However, if you are in a small town (pueblo) or a less central area then you can find even cheaper digs. I’m sure you could rent an entire house for €400 in a more rural area.

I highly recommend renting a room when you initially get here, it helps when you don’t know the lay of the land to have some built-in relationships with your roommates.

Keep in mind that if you go through an international accomodation agency designed for Year Abroad & Erasmus students that it will cost a lot more.

A cheaper way to find accomodation in Spain would be to search through the Spanish version of Gumtree – ‘Milanuncios‘. Or, through one of the many Facebook groups for renting rooms. 

A more formal option may be to rent through a rental agency; you will have to pay an agency fee which is equal to the first month’s rent, and then the ‘financia’ (deposit) will be equal to your first month’s rent again.

So, it might not be the cheapest option, alongside this, you will need formal documentation which can be tricky to organise when you first move. 

Bureaucracy

I wouldn’t be talking about life in Spain if I didn’t mention the bureaucracy. When you get here, I’d recommend asking to get help navigating the system from someone who has dealt with it before, it’s a good idea to ask on one of those Facebook groups I keep mentioning. People are aware of how frustrating it can be and will be ready and willing to offer their help and assistant.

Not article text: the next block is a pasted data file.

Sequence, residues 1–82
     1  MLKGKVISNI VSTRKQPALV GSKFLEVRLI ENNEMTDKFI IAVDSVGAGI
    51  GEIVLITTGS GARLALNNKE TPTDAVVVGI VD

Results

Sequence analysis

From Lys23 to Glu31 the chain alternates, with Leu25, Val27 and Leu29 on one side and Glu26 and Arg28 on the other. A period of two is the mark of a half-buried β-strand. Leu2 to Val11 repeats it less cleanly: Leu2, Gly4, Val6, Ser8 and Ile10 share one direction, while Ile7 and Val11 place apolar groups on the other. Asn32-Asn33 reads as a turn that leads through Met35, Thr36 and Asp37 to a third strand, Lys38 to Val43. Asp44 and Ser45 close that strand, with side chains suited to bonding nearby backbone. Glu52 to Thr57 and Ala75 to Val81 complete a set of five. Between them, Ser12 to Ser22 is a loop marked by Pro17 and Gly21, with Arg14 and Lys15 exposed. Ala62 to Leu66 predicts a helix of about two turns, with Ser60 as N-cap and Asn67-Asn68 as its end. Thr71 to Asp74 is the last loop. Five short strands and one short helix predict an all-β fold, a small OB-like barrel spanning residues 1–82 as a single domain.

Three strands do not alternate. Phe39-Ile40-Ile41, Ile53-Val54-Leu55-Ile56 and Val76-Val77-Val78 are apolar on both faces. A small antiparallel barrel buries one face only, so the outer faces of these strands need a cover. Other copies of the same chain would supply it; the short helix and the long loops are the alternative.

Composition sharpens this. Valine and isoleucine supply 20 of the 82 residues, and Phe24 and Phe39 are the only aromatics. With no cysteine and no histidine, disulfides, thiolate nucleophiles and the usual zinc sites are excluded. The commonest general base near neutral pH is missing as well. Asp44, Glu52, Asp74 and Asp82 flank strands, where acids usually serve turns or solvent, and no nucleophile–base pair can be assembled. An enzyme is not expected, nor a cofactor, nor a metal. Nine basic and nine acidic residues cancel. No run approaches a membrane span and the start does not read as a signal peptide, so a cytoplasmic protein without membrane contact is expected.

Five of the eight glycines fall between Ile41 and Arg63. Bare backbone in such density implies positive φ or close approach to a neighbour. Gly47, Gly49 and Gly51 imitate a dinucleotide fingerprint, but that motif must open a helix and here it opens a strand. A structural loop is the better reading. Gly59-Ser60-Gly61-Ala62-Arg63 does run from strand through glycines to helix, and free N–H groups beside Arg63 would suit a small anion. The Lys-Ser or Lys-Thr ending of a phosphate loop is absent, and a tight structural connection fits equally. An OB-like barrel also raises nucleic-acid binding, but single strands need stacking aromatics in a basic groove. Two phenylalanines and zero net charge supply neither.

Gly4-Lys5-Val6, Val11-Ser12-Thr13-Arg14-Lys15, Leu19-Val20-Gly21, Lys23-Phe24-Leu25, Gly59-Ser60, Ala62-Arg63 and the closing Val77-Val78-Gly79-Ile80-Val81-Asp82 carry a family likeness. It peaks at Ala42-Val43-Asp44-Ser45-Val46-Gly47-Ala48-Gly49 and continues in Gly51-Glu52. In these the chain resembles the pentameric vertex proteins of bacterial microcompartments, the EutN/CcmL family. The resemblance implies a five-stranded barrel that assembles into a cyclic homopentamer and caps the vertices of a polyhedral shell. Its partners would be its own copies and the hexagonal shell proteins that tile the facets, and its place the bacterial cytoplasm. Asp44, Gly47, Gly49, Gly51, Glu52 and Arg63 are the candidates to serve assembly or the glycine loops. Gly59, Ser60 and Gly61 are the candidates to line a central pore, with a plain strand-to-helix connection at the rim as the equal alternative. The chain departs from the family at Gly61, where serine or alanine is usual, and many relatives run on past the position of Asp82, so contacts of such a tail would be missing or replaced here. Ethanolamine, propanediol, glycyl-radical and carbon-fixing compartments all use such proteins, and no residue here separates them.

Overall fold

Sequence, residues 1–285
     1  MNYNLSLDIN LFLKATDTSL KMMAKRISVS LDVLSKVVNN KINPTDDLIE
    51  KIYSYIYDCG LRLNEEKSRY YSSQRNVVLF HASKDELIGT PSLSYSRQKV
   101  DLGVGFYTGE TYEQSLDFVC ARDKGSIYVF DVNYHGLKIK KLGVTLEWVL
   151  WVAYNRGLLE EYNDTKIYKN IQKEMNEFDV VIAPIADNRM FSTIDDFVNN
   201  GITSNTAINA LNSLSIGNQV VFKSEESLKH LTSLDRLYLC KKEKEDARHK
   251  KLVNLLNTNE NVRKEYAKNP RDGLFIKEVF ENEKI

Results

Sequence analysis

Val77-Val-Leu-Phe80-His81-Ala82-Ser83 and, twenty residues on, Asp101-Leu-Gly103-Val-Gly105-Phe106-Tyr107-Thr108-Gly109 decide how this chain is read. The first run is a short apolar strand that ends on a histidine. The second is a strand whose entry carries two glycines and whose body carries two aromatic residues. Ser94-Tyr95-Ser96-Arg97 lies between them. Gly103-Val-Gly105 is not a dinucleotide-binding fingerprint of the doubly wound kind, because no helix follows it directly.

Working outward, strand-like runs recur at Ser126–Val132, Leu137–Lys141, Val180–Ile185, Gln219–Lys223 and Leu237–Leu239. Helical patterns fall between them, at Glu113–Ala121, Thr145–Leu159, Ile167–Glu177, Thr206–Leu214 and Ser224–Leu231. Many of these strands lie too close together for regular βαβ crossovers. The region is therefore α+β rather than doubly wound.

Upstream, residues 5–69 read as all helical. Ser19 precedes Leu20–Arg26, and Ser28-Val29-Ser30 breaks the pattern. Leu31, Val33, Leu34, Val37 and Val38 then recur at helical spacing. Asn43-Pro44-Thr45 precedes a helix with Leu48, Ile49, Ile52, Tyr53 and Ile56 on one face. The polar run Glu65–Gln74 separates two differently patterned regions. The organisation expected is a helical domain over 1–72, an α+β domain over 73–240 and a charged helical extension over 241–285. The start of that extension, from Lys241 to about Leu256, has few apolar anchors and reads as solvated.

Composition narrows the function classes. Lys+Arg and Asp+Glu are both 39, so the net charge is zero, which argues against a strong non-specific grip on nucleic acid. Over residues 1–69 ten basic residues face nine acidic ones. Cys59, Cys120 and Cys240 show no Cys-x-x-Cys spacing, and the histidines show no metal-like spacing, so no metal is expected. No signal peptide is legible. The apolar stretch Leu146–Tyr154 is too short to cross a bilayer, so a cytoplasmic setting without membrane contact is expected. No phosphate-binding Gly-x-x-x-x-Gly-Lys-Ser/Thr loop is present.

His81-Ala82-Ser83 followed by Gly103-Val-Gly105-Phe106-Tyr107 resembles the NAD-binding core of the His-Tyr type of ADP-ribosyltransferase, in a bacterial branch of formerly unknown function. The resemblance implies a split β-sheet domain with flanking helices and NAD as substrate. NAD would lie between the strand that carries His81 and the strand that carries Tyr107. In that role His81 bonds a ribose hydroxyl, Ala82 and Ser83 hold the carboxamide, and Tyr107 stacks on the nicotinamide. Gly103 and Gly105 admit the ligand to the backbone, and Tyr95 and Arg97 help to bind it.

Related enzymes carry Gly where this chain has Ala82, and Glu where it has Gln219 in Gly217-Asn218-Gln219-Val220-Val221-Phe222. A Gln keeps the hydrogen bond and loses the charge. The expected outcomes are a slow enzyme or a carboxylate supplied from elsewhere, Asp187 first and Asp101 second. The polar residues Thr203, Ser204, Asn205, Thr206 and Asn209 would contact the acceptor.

My advice is to always have a few photocopies of all your documents and if at any point you are asked to return with more documents for something ask them to write down a comprehensive list of what they want you to have.

This will help you avoid more return visits than absolutely necessary, you don’t want to be on first-name terms with the security guards at your local town hall. 

Cold Houses In Spain

I want to mention something that other bloggers must just ‘forget’ to mention – exactly how cold accommodation here is in winter. Houses just aren’t as prepared for the cold as they are back home. Central heating isn’t common, but marble floors that suck the warmth out of a room like an Ex at a party, are.

So, make sure you pack warm clothes and pajamas to wear round the house, so you don’t end up sleeping in a scarf, and gloves for your first new nights here.

Though you will be thankful in summer when those same floors offer respite from the scorching Iberian heat. 

Final Words On Teaching English In Spain

My last piece of advice is just to bite the bullet and do it. If you don’t do it now, when will your next chance to truly change your life for the better be?

Find out exactly what it's like teaching English in Spain from someone who's living there right now doing it. Find out how much you make teaching English, if you can save money, how to find accomodation and what to pack for those cold Spanish winters.